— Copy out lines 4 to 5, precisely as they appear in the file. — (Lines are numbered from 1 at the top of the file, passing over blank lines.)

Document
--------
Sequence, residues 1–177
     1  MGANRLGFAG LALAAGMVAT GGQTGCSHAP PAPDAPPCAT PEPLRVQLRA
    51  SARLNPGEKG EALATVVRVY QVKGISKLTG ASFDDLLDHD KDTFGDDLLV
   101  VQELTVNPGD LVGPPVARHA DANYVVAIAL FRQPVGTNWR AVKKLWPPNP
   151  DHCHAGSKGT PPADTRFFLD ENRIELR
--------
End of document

   101  VQELTVNPGD LVGPPVARHA DANYVVAIAL FRQPVGTNWR AVKKLWPPNP
   151  DHCHAGSKGT PPADTRFFLD ENRIELR